The Commission of Inquiry (COI) into a deadly mining pit collapse at Rock Creek, Puruni, Region Seven, has resulted in a number of preliminary recommendations to aid with the monitoring of mining claims in the interior locations.
The COI into the circumstances which led to the death of Keon Wilson had revealed that officers from the Guyana Geology and Mines Commission, (GGMC) failed to ensure that the mining camp operated in keeping with all the necessary laws and regulations outlined by the commission.
Preliminary findings had outlined that, the mining camp was identified as an illegal site.
“There is no evidence at GGMC or elsewhere that supports any permission was given by the owner (George Alphonso) to Everton Daly, the mining camp operator, to mine on the said claim.“
The report outlined that Daly could not produce to GGMC officers the relevant documents to show that his dredge was licensed and registered.
The inquiry report stated further that although GGMC officers learnt that Daly’s dredge was illegal, they failed to issue him with a removal order, contrary to GGMC regulations.
The regulations make provisions for seizure of equipment in those circumstances.
Therefore, as part of the recommendations, the COI report outlined that permit holders should police their own claims to ward off illegal mining. The commission also recommended that GGMC conduct a sweep of operation and seize all illegal and unregistered dredges.
Additionally, the commission pointed out that “mines officers must conduct complete inspections when visiting the mining caps even if the camp is illegal and visit the area intended for mining operations
“Mines officers must issue and execute seize orders whenever illegal dredges operations are encountered.”
The report had outlined that “illegal dredging must be stopped immediately, because it is a clear and present danger to life and environment, since the illegal operator will be in breach of the regulations”.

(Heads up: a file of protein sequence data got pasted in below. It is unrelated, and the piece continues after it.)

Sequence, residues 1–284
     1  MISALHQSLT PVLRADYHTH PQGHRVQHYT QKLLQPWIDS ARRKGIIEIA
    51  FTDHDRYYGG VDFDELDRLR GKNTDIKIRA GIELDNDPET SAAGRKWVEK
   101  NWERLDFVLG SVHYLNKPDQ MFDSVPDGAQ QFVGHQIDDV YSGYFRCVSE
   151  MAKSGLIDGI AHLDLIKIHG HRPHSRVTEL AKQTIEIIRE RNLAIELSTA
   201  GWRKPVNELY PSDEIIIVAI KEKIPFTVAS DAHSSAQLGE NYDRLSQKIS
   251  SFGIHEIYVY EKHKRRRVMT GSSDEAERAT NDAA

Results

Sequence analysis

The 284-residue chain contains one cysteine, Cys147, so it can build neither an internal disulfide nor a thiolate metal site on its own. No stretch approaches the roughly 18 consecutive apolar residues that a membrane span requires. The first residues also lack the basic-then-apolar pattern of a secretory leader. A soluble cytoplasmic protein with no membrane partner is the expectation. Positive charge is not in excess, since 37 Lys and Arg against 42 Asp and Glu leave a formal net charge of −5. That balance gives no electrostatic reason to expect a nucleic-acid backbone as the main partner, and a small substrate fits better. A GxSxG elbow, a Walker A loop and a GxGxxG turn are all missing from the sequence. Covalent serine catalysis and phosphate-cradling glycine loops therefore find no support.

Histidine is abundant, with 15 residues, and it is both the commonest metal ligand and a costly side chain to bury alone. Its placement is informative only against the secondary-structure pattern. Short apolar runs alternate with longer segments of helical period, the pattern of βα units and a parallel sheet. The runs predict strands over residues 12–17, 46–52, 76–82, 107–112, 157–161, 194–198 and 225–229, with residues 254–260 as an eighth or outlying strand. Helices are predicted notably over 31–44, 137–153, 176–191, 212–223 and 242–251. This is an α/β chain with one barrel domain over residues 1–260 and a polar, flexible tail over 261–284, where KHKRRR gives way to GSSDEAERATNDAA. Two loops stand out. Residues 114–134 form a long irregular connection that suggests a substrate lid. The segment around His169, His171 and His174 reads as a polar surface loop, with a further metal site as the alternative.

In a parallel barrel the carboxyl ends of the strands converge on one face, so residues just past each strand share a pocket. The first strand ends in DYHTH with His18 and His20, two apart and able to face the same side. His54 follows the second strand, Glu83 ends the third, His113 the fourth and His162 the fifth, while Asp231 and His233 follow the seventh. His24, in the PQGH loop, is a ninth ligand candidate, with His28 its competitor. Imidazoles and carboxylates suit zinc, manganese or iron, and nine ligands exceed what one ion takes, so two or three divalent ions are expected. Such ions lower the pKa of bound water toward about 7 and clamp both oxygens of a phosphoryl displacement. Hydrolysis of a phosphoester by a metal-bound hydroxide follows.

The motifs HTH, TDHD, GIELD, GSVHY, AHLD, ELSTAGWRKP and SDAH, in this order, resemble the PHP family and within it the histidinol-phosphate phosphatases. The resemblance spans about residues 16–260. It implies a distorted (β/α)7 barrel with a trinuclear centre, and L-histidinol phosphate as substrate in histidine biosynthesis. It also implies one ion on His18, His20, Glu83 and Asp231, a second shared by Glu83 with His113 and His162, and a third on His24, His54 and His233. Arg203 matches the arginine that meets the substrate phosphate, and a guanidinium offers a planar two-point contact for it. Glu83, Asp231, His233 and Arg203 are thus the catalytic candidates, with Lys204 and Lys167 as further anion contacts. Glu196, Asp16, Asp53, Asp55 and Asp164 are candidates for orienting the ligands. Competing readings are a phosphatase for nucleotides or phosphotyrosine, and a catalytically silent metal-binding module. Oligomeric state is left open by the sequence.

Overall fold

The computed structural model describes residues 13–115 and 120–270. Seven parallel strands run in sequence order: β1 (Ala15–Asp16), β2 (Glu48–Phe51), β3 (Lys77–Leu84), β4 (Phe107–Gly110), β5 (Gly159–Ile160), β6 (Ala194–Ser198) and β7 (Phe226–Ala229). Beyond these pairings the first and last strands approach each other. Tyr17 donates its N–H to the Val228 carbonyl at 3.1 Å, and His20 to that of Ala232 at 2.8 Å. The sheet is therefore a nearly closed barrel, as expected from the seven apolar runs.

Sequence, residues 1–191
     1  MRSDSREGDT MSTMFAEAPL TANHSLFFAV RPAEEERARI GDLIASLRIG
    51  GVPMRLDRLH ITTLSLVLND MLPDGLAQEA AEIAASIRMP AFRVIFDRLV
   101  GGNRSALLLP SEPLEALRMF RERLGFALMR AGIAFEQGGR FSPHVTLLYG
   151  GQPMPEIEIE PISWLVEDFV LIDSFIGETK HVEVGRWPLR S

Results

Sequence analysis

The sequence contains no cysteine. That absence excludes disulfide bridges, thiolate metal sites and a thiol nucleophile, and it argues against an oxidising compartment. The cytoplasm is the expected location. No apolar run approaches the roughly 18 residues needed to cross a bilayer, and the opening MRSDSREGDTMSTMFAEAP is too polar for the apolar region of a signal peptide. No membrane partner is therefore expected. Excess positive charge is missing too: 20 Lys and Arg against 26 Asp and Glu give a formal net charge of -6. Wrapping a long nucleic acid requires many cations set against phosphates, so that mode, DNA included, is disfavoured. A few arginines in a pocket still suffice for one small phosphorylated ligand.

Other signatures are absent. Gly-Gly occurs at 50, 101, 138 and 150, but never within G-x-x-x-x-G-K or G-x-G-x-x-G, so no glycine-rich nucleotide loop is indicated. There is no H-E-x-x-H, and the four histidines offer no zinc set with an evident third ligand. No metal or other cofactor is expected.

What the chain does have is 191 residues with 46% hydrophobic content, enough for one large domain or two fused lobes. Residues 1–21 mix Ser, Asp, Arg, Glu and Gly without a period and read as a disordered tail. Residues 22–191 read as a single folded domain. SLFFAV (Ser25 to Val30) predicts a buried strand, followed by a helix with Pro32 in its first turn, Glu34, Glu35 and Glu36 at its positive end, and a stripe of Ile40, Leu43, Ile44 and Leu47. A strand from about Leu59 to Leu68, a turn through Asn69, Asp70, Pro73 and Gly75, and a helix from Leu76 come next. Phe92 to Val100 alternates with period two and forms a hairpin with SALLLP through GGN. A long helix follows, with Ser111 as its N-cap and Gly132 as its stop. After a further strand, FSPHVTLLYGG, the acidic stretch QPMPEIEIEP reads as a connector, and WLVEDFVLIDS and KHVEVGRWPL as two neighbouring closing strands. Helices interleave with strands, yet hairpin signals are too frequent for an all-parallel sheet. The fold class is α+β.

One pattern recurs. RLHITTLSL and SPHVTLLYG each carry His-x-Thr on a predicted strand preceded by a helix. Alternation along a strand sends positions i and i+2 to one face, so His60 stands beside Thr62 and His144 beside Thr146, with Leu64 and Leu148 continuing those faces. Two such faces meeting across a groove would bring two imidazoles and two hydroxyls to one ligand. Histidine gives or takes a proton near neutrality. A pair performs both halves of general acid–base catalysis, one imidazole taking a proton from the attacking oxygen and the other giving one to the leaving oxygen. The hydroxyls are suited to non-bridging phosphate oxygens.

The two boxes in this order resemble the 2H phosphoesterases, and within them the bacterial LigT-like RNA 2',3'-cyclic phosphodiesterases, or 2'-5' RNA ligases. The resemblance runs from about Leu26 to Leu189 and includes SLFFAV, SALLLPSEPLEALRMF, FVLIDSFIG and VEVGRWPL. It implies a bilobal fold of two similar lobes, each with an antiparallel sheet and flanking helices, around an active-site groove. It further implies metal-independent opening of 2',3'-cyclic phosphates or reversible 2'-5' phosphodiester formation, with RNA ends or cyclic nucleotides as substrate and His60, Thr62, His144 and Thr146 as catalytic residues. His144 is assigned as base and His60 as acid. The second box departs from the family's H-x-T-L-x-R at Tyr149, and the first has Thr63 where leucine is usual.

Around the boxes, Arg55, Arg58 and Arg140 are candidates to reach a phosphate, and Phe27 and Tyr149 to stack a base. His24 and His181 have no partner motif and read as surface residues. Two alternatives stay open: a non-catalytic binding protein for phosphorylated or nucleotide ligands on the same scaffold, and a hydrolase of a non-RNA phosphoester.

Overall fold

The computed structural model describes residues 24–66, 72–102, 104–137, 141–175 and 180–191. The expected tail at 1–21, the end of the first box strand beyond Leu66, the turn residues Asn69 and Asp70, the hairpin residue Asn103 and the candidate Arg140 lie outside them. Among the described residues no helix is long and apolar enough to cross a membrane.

It was therefore recommended that mines officers should be granted statutory powers, similar to the police officers, to enable them to execute their duties effectively.
The report said, too, that pit mining operations must have a qualified and GGMC approved engineer attached to that particular mining operation to deal with engineering safety reconstruction and managing of mine pits.
The COI into the death of Keon Wilson was headed by former Army Chief, Gary Best. The COI was set up to investigate, examine, monitor and report regimes that govern areas specifically at Rock Creek, Puruni, to determine whether there was compliance with safety operating procedures.
The inquiry was to determine whether there were breaches of any laws, regulations, rules and practices that led directly to, or contributed to the death of Wilson.
Mr. Best was also tasked with enquiring into the actions of the Guyana Geology and Mines Commission (GGMC), and to report his findings and conclusion to determine the cause of the incident and make recommendations to prevent a recurrence.
Wilson, 33, a resident of Ann’s Grove, died after a mining pit caved-in on him on October 8, 2016.
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